Topology glossary

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This is a glossary of some terms used in the branch of
mathematics Mathematics is an area of knowledge that includes the topics of numbers, formulas and related structures, shapes and the spaces in which they are contained, and quantities and their changes. These topics are represented in modern mathematics ...
known as
topology In mathematics, topology (from the Greek words , and ) is concerned with the properties of a geometric object that are preserved under continuous deformations, such as stretching, twisting, crumpling, and bending; that is, without closing ...
. Although there is no absolute distinction between different areas of topology, the focus here is on
general topology In mathematics, general topology is the branch of topology that deals with the basic set-theoretic definitions and constructions used in topology. It is the foundation of most other branches of topology, including differential topology, geome ...
. The following definitions are also fundamental to
algebraic topology Algebraic topology is a branch of mathematics that uses tools from abstract algebra to study topological spaces. The basic goal is to find algebraic invariants that classify topological spaces up to homeomorphism, though usually most classify u ...
,
differential topology In mathematics, differential topology is the field dealing with the topological properties and smooth properties of smooth manifolds. In this sense differential topology is distinct from the closely related field of differential geometry, which ...
and
geometric topology In mathematics, geometric topology is the study of manifolds and maps between them, particularly embeddings of one manifold into another. History Geometric topology as an area distinct from algebraic topology may be said to have originated ...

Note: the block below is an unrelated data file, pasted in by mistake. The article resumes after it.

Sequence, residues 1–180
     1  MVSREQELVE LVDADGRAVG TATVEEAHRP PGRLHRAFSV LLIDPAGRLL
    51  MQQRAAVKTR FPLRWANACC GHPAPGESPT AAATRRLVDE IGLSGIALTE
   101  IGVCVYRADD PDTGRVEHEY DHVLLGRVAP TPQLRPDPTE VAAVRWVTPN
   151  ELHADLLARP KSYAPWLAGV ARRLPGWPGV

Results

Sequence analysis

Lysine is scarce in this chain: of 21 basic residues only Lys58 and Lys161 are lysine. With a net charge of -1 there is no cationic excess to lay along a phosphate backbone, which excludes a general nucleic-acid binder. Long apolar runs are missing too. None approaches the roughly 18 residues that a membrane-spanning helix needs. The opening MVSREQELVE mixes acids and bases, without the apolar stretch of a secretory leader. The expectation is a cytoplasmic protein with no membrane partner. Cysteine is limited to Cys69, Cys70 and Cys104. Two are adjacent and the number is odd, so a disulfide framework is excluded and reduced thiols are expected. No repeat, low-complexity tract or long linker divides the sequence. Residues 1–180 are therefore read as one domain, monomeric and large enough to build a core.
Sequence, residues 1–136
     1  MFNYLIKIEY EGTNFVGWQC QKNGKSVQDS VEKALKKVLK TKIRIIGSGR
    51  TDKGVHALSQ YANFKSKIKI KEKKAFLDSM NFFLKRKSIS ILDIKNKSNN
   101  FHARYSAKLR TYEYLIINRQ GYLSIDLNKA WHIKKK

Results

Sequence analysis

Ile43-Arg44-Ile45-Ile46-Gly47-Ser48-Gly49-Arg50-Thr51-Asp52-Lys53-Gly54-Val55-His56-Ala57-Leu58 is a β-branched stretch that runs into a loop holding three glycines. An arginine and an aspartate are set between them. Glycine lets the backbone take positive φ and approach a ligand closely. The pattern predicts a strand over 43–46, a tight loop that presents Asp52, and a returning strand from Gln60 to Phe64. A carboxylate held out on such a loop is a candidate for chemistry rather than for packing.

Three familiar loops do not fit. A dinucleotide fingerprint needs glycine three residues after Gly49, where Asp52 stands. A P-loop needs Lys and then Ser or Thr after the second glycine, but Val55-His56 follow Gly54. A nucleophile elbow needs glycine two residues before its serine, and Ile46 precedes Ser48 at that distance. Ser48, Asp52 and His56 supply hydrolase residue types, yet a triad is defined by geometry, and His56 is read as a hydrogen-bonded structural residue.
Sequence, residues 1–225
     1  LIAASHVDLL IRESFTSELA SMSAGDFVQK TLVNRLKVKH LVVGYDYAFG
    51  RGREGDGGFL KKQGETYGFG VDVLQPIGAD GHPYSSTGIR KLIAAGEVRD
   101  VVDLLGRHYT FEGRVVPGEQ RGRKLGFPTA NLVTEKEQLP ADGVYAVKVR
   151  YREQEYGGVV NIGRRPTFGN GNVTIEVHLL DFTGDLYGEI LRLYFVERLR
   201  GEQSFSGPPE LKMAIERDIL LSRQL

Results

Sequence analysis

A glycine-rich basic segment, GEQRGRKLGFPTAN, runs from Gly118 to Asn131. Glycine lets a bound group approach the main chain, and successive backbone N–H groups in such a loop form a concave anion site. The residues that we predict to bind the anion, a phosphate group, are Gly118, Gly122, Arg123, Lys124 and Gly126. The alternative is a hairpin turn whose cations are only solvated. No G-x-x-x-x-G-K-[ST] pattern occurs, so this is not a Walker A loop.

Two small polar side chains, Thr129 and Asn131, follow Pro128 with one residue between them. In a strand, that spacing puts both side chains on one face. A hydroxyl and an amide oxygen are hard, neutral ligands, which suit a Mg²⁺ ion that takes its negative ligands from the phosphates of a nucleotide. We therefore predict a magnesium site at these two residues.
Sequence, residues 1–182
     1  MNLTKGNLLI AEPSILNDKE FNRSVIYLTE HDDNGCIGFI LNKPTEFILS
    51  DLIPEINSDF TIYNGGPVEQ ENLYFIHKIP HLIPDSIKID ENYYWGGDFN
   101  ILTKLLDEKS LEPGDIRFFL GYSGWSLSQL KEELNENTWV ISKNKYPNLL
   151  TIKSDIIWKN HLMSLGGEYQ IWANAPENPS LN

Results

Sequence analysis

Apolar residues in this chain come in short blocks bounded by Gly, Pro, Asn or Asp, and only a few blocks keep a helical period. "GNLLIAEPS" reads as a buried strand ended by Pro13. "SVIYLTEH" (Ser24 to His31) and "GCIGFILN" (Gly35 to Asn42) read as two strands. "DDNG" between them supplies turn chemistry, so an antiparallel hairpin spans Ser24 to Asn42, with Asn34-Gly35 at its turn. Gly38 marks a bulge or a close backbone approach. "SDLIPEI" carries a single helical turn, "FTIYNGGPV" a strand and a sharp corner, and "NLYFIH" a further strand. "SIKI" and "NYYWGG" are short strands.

. All spaces in this glossary are assumed to be
topological space In mathematics, a topological space is, roughly speaking, a geometrical space in which closeness is defined but cannot necessarily be measured by a numeric distance. More specifically, a topological space is a set whose elements are called poi ...
s unless stated otherwise.

# A

;Absolutely closed: See ''H-closed'' ;Accessible: See $T_1$. ;Accumulation point: See
limit point In mathematics, a limit point, accumulation point, or cluster point of a set S in a topological space X is a point x that can be "approximated" by points of S in the sense that every neighbourhood of x with respect to the topology on X also cont ...
. ; Alexandrov topology: The topology of a space ''X'' is an Alexandrov topology (or is finitely generated) if arbitrary intersections of open sets in ''X'' are open, or equivalently, if arbitrary unions of closed sets are closed, or, again equivalently, if the open sets are the
upper set In mathematics, an upper set (also called an upward closed set, an upset, or an isotone set in ''X'') of a partially ordered set (X, \leq) is a subset S \subseteq X with the following property: if ''s'' is in ''S'' and if ''x'' in ''X'' is larger ...
s of a
poset In mathematics, especially order theory, a partially ordered set (also poset) formalizes and generalizes the intuitive concept of an ordering, sequencing, or arrangement of the elements of a set. A poset consists of a set together with a binary ...
. ;Almost discrete: A space is almost discrete if every open set is closed (hence clopen). The almost discrete spaces are precisely the finitely generated zero-dimensional spaces. ;α-closed, α-open: A subset ''A'' of a topological space ''X'' is α-open if $A \subseteq \operatorname_X \left\left( \operatorname_X \left\left( \operatorname_X A \right\right) \right\right)$, and the complement of such a set is α-closed. ; Approach space: An approach space is a generalization of metric space based on point-to-set distances, instead of point-to-point.

# B

;Baire space: This has two distinct common meanings: :#A space is a Baire space if the intersection of any
countable In mathematics, a set is countable if either it is finite or it can be made in one to one correspondence with the set of natural numbers. Equivalently, a set is ''countable'' if there exists an injective function from it into the natural numbe ...
collection of dense open sets is dense; see
Baire space In mathematics, a topological space X is said to be a Baire space if countable unions of closed sets with empty interior also have empty interior. According to the Baire category theorem, compact Hausdorff spaces and complete metric spaces are e ...
. :#Baire space is the set of all functions from the natural numbers to the natural numbers, with the topology of pointwise convergence; see